Brincefield accepted a position with the Woodson Group, a second-generation newspaper family with five daily papers in Texas.
Brincefield and his family moved to Stephenville where he started as the circulation manager/associate publisher at the Stephenville Empire-Tribune, a Woodson Group newspaper. He was later promoted to marketing director.
“That’s really when I fell in love with the newspaper business,” Brincefield said. “I think prior to that it was a good job, a good living, but when I came to Texas I got to do an awful lot of different things. I managed a couple of weeklies, started doing some news copy writing and selling advertising.”
Brincefield also served as president of the Erath County Humane Society while living in Stephenville. During his two-year tenure the board was able to secure a grant to build a new animal shelter.
Over the subsequent 32 years of his career, the Woodson Group was sold three times: first to Boone/Narragansett Publishing of the Southwest, then to American Consolidated Media, Inc., which was acquired by an Australian company called Macquarie Media Group in 2007. MMG no longer owns ACM.
Though the company is under different ownership and has greatly expanded over the years, Brincefield has stayed with what he says is the same five-newspaper company.
“I came to work for a second-generation newspaper family,” Brincefield said. “I’ve been sold three times, and a lot of people in the industry who have gone through the change to corporate ownership have horror stories to tell, but I’ve been very fortunate. I’ve worked for very good people who have treated me well.”
In 1992, Brincefield moved to Minnesota to take a job as publisher of a Boone newspaper, the Albert Lea Tribune. He also worked as vice president of Albert Lea Newspapers.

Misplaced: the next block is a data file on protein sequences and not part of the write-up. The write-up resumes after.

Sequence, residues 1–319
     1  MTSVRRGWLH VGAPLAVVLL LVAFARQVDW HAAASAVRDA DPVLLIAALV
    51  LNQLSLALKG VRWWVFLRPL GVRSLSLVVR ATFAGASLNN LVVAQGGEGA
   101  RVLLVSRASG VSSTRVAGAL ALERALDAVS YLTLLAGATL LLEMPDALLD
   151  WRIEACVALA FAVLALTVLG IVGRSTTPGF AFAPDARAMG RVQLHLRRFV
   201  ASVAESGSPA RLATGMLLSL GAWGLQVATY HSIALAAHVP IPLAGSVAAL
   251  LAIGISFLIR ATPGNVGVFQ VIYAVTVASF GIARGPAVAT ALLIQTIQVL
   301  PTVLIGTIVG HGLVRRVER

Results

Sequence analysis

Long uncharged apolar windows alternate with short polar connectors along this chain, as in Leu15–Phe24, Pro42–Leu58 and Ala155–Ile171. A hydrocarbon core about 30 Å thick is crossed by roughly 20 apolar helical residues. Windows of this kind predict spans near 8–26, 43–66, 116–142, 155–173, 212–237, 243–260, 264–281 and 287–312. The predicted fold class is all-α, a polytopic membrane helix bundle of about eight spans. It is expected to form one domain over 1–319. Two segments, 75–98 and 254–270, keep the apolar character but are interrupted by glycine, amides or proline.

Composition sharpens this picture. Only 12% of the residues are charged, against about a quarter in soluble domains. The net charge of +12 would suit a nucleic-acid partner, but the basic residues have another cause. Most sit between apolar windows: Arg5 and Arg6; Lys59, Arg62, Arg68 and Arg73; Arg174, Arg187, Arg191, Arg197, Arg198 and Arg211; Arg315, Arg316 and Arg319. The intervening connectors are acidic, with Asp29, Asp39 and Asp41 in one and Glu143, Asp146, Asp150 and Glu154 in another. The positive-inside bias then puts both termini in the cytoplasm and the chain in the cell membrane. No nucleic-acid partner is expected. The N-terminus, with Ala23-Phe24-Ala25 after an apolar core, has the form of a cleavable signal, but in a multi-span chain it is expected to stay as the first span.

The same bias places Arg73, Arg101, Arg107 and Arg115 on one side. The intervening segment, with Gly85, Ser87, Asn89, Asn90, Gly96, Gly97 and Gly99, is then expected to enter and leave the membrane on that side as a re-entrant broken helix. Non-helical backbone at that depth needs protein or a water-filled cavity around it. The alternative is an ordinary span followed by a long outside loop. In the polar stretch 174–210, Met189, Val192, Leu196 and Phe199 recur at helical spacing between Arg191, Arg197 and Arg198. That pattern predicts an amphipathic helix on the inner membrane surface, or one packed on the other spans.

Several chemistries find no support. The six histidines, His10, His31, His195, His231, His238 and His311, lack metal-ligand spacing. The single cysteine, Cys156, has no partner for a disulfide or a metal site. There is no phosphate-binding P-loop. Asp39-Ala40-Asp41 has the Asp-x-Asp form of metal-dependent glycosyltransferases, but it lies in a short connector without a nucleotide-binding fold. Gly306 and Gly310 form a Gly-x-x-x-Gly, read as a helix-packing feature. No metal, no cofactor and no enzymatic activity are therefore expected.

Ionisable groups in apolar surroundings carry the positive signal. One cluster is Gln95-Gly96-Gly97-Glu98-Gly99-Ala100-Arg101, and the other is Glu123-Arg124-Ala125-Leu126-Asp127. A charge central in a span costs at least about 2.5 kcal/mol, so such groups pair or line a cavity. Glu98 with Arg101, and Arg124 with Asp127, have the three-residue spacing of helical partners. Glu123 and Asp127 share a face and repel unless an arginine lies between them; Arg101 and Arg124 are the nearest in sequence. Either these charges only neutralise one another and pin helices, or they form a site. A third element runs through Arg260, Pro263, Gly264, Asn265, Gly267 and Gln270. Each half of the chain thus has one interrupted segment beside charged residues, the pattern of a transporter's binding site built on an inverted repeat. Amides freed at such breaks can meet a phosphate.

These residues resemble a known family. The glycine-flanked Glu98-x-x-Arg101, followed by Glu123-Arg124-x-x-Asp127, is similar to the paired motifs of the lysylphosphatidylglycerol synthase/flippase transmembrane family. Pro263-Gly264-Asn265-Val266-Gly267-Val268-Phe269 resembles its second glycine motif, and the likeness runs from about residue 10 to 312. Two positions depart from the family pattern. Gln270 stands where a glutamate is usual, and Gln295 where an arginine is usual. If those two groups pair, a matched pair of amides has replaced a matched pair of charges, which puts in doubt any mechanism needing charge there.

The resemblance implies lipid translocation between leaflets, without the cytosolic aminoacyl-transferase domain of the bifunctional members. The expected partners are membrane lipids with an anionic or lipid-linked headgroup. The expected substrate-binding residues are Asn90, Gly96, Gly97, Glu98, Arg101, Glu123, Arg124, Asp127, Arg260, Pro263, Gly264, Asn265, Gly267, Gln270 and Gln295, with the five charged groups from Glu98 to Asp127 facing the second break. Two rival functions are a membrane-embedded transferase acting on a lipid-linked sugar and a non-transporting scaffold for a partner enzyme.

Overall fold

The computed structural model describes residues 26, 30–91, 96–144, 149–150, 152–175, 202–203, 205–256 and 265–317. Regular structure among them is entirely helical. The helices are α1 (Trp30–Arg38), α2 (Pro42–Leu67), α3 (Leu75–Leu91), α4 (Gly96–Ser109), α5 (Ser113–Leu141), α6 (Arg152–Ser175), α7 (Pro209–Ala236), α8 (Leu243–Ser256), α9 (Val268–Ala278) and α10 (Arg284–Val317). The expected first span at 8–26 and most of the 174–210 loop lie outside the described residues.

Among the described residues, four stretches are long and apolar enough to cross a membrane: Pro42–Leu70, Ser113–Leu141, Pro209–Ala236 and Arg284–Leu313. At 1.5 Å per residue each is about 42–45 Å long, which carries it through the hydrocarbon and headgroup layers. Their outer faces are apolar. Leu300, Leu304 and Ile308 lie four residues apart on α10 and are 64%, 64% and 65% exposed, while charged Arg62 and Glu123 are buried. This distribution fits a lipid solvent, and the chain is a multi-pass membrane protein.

He said he and his wife enjoyed their time there, despite the cold. Their daughter was in college and they were very involved in the community.
Brincefield and his wife have always been involved in their communities. Brincefield served on the board of directors for three chambers of commerce: Stephenville, Albert Lea, Minn., and Brownwood.
Fours years after Brincefield moved to Minnesota, he was offered a position as publisher of the Brownwood Bulletin and vice president of Brownwood Newspapers, Inc., and he and his wife moved back to Texas. During that time he also worked as vice president of Boone Newspapers.
Over the years, he has served on the board of two United Way organizations, the Brown County Literacy Council, the Stephenville chapter of the Texas Kidney Foundation and the Brownwood Civic Improvement Foundation.
In Brownwood, Brincefield was a board member of the Family Services Center, a successful pilot project that developed from the Adoption and Safe Families Act.
He also served as interim director while the board searched for a licensed social worker to take on the role. His successor is now in his 11th year and the project has become a model for the state.
When Boone Newspapers was sold to ACM in 1999, Brincefield stayed on as vice president and regional manager, in addition to continuing his role as vice president of Brownwood Newspapers, Inc. and publisher of the Brownwood Bulletin—positions he still holds.
As vice president and regional manager of ACM, Brincefield has group responsibility for 11 newspapers and direct responsibility for three.
“I’m more of a coach than anything else,” Brincefield said. “I try to give my department heads a lot of latitude to run the Bulletin—same thing with the other publishers and general managers of the newspapers that work for me.”
Although Brincefield has seen many changes in the past 50 years, his love of the industry and optimism about the future remain unchanged.
“I’m still bullish for newspapers,” he said.